Wing shooting with a shotgun had its origins in England in the mid-eighteenth century. The next century saw live pigeon shoots become popular, reaching their peak toward the end of the Victorian era, when one’s ability to handle a gun had definite social implications. American inventor George Ligowski invented a replacement for live birds in 1880 made of baked clay and modeled after the clamshells he used to skim across water. Ligowski''s clay pigeon quickly replaced feather-filled balls, the only other alternative to live birds, and just as quickly replaced the real thing.
The first clay pigeon game, which imitated live pigeon shooting, was called trap, after the device used to hold and release live birds. Next, a new shooting game called skeet was developed in New England which was designed to approximate the fast, close-range shooting found in that area''s grouse coverts.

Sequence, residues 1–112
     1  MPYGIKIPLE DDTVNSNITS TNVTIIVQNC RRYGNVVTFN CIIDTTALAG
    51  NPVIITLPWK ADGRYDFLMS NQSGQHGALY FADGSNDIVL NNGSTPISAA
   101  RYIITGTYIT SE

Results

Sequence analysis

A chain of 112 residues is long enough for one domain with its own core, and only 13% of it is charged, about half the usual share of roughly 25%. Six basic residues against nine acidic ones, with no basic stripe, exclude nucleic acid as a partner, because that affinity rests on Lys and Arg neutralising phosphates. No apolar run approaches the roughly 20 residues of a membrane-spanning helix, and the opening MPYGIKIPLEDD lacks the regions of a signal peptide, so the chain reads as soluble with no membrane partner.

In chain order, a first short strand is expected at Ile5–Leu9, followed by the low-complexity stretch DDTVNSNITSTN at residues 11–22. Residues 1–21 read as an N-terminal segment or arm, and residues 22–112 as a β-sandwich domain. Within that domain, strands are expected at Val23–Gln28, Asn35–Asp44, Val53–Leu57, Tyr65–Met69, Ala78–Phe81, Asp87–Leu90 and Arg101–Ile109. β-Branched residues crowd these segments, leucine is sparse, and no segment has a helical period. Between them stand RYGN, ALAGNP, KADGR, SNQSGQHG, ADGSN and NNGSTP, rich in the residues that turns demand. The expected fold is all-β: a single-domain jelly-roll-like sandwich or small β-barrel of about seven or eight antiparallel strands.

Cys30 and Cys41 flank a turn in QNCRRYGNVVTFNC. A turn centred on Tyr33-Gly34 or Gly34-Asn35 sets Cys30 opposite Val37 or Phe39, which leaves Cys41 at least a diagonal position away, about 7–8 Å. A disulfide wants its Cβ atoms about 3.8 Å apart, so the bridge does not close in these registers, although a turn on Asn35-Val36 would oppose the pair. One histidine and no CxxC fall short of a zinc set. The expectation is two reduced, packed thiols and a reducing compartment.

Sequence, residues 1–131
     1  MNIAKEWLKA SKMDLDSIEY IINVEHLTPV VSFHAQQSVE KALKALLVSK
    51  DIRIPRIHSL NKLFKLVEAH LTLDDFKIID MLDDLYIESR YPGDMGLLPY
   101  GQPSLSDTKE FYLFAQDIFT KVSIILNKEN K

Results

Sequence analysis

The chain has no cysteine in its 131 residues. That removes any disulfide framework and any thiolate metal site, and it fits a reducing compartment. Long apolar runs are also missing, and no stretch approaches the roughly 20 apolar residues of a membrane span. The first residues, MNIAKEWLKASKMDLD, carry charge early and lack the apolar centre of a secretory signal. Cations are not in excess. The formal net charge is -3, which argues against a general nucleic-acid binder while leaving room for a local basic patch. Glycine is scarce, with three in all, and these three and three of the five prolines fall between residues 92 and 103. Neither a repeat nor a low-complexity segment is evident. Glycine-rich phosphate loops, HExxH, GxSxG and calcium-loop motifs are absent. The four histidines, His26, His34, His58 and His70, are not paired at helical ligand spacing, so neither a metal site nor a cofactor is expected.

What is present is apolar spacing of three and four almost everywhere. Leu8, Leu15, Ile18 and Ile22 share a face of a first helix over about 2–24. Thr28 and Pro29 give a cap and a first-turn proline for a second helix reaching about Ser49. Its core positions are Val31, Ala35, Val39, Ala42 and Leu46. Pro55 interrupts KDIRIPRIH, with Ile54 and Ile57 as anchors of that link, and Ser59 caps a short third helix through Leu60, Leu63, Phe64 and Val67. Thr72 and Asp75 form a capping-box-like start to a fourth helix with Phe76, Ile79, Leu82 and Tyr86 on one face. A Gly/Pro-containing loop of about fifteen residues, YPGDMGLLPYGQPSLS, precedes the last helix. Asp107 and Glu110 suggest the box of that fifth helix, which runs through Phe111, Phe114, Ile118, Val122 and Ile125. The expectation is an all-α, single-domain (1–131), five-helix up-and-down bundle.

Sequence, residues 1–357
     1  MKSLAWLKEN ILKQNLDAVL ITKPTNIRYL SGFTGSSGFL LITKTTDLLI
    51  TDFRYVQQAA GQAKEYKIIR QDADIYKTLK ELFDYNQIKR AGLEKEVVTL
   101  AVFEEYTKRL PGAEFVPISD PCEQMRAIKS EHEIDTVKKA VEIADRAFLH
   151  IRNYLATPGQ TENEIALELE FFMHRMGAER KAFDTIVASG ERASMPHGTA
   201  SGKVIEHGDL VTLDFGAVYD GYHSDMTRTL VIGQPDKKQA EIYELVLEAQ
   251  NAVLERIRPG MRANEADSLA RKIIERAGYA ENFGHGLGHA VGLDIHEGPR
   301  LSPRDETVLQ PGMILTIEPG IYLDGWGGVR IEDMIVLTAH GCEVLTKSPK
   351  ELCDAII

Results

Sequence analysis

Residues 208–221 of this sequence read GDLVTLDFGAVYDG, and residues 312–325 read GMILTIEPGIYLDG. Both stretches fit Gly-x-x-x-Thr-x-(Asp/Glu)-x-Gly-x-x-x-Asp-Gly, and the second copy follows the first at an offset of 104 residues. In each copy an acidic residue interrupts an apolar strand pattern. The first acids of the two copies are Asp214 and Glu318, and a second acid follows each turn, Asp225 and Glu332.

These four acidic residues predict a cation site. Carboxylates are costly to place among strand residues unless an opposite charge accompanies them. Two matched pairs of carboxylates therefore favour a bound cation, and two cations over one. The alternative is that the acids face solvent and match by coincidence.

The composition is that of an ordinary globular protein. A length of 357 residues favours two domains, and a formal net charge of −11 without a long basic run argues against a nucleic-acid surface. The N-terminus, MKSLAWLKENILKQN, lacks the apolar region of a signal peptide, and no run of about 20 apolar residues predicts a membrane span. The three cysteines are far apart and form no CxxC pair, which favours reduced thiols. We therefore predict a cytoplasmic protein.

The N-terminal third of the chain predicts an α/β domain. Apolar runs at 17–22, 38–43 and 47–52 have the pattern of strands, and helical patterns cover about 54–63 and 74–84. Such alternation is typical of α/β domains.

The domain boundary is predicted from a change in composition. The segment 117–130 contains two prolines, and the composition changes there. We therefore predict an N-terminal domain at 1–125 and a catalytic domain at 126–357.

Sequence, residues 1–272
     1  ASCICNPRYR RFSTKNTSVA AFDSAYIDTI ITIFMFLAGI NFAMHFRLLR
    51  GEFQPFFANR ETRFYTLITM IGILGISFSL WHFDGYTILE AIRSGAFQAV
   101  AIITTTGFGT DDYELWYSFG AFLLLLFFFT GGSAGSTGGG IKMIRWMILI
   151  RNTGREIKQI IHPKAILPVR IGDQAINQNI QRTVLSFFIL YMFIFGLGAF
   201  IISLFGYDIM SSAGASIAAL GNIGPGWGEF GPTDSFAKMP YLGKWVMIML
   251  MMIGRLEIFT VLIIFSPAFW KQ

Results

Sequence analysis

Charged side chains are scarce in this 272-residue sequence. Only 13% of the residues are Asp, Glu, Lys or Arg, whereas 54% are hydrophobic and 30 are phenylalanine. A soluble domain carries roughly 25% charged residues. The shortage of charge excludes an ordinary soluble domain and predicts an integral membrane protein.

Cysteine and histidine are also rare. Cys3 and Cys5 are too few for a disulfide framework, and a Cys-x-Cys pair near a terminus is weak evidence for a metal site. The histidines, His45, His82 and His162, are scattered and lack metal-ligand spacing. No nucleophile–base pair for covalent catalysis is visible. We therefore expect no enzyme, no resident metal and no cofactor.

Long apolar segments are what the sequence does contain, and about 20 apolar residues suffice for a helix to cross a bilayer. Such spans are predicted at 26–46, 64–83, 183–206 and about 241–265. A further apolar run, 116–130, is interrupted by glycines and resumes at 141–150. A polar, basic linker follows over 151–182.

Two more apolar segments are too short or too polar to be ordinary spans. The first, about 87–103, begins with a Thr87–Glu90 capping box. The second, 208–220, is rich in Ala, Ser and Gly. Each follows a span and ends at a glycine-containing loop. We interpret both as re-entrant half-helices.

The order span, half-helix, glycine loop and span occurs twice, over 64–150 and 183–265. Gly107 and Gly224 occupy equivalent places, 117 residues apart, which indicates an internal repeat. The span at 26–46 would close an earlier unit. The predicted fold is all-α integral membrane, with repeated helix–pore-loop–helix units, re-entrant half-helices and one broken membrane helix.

Meanwhile back in England, the demand to perform at estate shoots on driven game gave rise to a number of shooting schools. These schools, in turn, adapted Ligowski''s clay pigeon to use on practive fields of targets that approximated the flight of live quarry, as the English like to call it. Sporting clays was born.
Although the Britsh Open, England''s premier sporting clays competition, dates back to 1925, sporting clays has made its greatest gains in popularity in England within the last 20 years. Meanwhile it took a while for the sport to make it to America. In 1985, the Orvis Company hosted the first national sporting clays championship at its Houston facilities, for which the company established the Orvis Cup. Sporting clays had come to America.
What are the different targets?